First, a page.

What is the conflict and resolution in the book The Cay by Theodore Taylor?  

The conflict and resolution in The Cay is two-fold. On the one hand, it is an internal conflict for Phillip, who must overcome his racist tendencies. On the other hand, both Phillip and Timothy must fight for survival against the odds and the elements.

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The conflict in this great novel is two-fold. On the one hand, there is the struggle between people (Phillip and Timothy) and nature. The unlikely pair—a black man from West India and a boy who has been blinded by the torpedo blast which shipwrecked them—must fight nature and the elements to stay alive.

On the other hand, young Phillip must overcome his racist tendencies and accept that Timothy is now the only person available to help him in his new vulnerable plight as a blind person.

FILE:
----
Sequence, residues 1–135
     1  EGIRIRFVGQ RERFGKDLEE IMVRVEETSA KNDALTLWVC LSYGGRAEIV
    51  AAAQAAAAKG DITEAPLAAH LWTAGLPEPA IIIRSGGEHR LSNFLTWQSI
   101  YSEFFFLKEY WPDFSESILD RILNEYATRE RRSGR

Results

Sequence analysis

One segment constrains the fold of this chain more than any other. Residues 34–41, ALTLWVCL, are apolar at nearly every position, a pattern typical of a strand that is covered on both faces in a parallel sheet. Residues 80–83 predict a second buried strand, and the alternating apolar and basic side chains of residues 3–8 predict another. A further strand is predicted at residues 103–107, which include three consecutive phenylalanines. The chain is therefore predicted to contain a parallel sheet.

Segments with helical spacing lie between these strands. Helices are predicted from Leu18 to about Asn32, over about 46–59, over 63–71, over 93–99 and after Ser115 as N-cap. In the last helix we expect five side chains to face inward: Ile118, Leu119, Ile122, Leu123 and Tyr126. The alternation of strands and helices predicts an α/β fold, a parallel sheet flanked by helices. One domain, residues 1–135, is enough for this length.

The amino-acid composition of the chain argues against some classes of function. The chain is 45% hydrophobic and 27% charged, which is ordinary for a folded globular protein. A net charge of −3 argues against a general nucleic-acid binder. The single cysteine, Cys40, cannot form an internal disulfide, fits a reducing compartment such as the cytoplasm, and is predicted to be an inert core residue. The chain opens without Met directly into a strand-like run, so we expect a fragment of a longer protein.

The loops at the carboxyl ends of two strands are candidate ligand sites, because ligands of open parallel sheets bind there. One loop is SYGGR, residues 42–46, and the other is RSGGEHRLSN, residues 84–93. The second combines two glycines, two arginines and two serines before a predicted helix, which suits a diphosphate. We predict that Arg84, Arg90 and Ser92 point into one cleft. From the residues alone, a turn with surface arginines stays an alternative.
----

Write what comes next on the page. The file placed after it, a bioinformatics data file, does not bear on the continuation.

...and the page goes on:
Phillip and Timothy's struggle to get along has moments of severity in the early stages of the story. In steering them to the cay, Timothy overrode Phillip's desire to stay at sea. It is only when Phillip openly insults Timothy, and Timothy slaps him for his rudeness, that a truce is reached between the two castaways, and this conflict is resolved.

In terms of the bigger conflict—the fact that the two are trapped on an island—this unfortunately only gets half-resolved. Timothy, who had been ill...

(The entire section contains 4 answers and 895 words.)

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